A closer look at the U.S. Bureau of Labor Statistics’ Producer Price Index (PPI) data for January, provided by the Associated Builders and Contractors (ABC), reveals that residential construction input prices increased 2.5% in January over December 2020. Year-over-year residential input prices increased 4.8%. Nonresidential construction input prices rose 2.1% in January and when compared to a year ago they are 4.2% higher. Leading the price increases are softwood lumber pricing, which is up 73% year-over-year, followed by natural gas — up 30% over the past the year. Iron and steel prices are up 15.6% in the same time frame. ABC’s Chief Economist Anirban Basu offers some insight. He said, “They say the cure for low prices is low prices. Early in the COVID-19 pandemic, several key commodity prices declined substantially, causing a diminished incentive for suppliers to invest in capacity augmentation. The result is that as demand increases, scarcity builds, and those low prices disappear. Eventually, suppliers respond by investing more aggressively in capacity given the pursuit of higher sales amid higher prices, which eventually results in the pendulum swinging back toward lower prices.” But Basu cautions, this time things are a bit different “Because coronavirus vaccine distribution is accelerating, the expectation is that worldwide demand for steel, aluminum, oil and other productive inputs will surge later this year. The result could be substantial upward pressure on construction input prices. Some of these dynamics became apparent during the second half of last year but will likely become even more obvious as the global economy recovers in earnest.” ABC’s Construction Confidence Index supports this proposition; more than 55% of contractors expect their sales to increase over the next six months.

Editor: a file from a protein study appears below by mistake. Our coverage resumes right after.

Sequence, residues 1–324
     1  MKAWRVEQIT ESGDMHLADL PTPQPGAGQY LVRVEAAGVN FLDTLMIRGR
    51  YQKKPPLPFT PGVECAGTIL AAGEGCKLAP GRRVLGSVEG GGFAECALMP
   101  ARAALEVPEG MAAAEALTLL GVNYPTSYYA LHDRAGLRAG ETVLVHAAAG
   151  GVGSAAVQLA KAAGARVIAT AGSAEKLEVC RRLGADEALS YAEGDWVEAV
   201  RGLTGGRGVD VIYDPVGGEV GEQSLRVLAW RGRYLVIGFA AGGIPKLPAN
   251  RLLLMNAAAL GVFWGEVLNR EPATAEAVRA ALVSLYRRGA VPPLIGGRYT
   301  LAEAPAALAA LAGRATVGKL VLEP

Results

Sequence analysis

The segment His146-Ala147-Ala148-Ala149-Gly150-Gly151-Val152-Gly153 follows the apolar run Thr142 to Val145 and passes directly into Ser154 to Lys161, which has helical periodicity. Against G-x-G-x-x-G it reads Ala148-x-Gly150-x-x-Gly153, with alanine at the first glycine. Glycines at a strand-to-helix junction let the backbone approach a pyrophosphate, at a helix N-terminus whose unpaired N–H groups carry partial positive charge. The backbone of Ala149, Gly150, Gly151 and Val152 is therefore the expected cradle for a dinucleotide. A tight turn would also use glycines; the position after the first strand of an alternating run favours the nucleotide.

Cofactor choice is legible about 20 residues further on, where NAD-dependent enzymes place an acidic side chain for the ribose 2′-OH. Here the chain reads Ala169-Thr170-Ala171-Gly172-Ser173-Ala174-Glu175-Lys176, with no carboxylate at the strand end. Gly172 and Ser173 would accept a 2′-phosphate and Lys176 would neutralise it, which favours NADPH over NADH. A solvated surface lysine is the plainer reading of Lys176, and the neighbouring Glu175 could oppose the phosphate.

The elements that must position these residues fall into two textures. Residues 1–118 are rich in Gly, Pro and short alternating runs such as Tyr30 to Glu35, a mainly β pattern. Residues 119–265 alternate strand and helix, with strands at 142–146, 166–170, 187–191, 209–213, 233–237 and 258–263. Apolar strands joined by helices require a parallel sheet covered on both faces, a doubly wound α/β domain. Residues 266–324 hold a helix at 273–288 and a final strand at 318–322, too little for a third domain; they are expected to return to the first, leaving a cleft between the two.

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Monthly Construction Input Prices Surge 2.5% in January, Says ABC